The Better Way To Dry Your Cycling Shoes

I recently took my new bicycle on its inaugural ride. Since it was a special occasion, I decided to explore a bit, and mapped a route on roads I’d never been on. I should have done a bit more research, though, as almost exactly halfway through the ride the road disappeared into a 4×4 trail. I hopped off my bike, and began to push, pull and carry it over rocks and through the mud. My feet were soaked, my cycling shoes squished brown water out with every step. But once I got home, I had the perfect solution to get them back to riding shape.

We all know the smell of gym clothes left in a hamper or the back of your car for a bit too long, add spring mud and foot sweat in? Well, that’s not going to be a good thing for anyone. Cycling shoes are often made from a variety of materials, plastic, cloth, leather, rubber, with various paddings and foam throughout. That means if they get funky, they can stay funky. You won’t always have a sunny day to dry them out, So, after I get home and peel my sweaty cycling clothes off to hang dry, I get my Drysure set out of the closet.

First I use a hose to spray the muck and bits of grass off the outside, and out of the inside. Once they are properly soaked, but this time with clear water, I slide a Drysure Active Shoe Dryer into each shoe.

Drysure isn’t some electrical contraption that needs to be plugged in, and you don’t need a sunny day for them to work either. The Drysure uses a well-ventilated foot-shaped shell to house a pouch of absorbent silica beads. You slide the Drysure into your shoe, like a shoe tree, and the silica beads absorb the water from your shoe, without any heat, so that all the materials dry out damage free. It’s much faster than air drying; my shoes dry out in about six hours, so you’ll never have that next-day-ride dampness. And you don’t need a spot in the direct sun, I often use them in my closet, and even the back of my car.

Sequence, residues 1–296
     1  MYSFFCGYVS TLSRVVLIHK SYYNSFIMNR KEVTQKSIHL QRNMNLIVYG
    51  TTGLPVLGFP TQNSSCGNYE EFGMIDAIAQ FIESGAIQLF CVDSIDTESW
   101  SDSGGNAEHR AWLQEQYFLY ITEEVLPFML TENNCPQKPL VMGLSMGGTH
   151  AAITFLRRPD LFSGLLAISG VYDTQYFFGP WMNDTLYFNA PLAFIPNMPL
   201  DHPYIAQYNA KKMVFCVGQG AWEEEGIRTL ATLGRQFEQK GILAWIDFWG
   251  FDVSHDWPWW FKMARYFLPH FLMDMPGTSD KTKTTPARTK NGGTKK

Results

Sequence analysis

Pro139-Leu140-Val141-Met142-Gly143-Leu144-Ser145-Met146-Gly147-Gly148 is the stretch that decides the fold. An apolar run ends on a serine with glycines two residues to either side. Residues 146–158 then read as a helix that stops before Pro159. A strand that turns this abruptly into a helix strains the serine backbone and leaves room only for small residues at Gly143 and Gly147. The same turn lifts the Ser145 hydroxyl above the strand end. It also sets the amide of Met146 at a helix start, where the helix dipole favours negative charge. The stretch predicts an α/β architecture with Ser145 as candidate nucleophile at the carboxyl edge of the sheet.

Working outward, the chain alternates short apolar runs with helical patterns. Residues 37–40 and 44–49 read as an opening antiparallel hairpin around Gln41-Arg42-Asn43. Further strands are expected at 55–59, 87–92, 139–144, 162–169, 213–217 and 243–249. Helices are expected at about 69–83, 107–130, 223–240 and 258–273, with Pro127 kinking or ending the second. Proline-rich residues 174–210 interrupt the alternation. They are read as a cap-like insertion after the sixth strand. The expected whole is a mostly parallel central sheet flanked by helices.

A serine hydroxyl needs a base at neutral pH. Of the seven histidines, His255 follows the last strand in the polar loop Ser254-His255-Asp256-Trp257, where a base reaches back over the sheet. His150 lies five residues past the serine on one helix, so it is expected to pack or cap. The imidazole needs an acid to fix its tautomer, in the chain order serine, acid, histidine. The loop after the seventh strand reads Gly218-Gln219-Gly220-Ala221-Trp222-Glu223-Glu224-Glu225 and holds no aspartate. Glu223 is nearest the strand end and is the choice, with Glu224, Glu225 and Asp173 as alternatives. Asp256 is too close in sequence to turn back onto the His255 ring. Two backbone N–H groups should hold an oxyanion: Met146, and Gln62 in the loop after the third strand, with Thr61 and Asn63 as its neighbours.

Getting your shoes dry will keep them from smelling, and ward off bacteria and fungus growth. I even use my Drysure on hot days when my shoes are just sweat soaked. The great thing about them, though, is that you can use them over and over again. You just place them in direct sunlight, on top of a heat source like a radiator, or leave the interior bags in the oven on 100 degrees for an hour or two so the beads can “recharge”.

Getting your shoes, with all of their various materials, dry is an important part of maintaining your gear, and your own personal hygiene. Drysure makes that easy and convenient. I leave mine on my shoe rack, ready to go after I return from whatever adventure may have taken me down the perfect “wrong” road.

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